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US producer prices creep up 0.1% in July

US producer prices edged higher in July, with gains slowing sharply from the prior month, official data released on Friday (Aug 15) showed. 

WASHINGTON: US producer prices edged higher in July, with gains slowing sharply from the prior month, official data released on Friday (Aug 15) showed. The Labor Department said its producer price index rose 0.1 per cent in July, after a 0.4 per cent increase in June.

Rises in services prices, primarily in transportation and warehousing, accounted for the PPI increase, while goods prices were unchanged, the department said. Analysts on average had forecast a 0.2 per cent increase.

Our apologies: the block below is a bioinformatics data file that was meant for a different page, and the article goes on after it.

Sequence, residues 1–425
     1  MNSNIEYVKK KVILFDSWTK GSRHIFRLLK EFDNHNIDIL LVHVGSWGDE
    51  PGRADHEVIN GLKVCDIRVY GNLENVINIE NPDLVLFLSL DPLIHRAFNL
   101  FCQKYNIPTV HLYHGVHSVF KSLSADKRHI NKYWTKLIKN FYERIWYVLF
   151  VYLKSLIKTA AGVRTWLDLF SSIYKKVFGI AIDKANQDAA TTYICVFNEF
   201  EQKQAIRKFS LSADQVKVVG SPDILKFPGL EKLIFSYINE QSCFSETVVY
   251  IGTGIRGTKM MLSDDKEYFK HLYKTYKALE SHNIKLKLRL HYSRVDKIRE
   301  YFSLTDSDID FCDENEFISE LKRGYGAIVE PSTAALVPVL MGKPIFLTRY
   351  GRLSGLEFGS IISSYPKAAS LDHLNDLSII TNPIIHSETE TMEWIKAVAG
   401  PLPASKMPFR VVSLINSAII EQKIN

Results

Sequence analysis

Excluding food and energy prices, the PPI rose 0.2 per cent in July, matching estimates. Food prices rose 0.4 per cent while energy prices declined 0.6 percent, including a hefty 2.1 per cent fall in gasoline prices. The year-over-year increase in producer prices fell for a third straight month, to 1.7 per cent.

The report showed tepid inflationary pressures as the US economy continues to grow at a modest pace. "Pipeline pressures from core materials prices remain very muted, so the only threat here comes from companies seeking to offset feared/actual higher labour costs by lifting prices," said Ian Shepherdson, chief economist at Pantheon Macroeconomics, in a client note.

The Federal Reserve, with a dual mandate of price stability and maximum employment, has said inflation remains below its 2.0 per cent target over the long run. The Fed's preferred inflation measure, the personal consumption expenditures price index, slowed to an annualised 1.6 per cent rate in June from 1.8 per cent in May.

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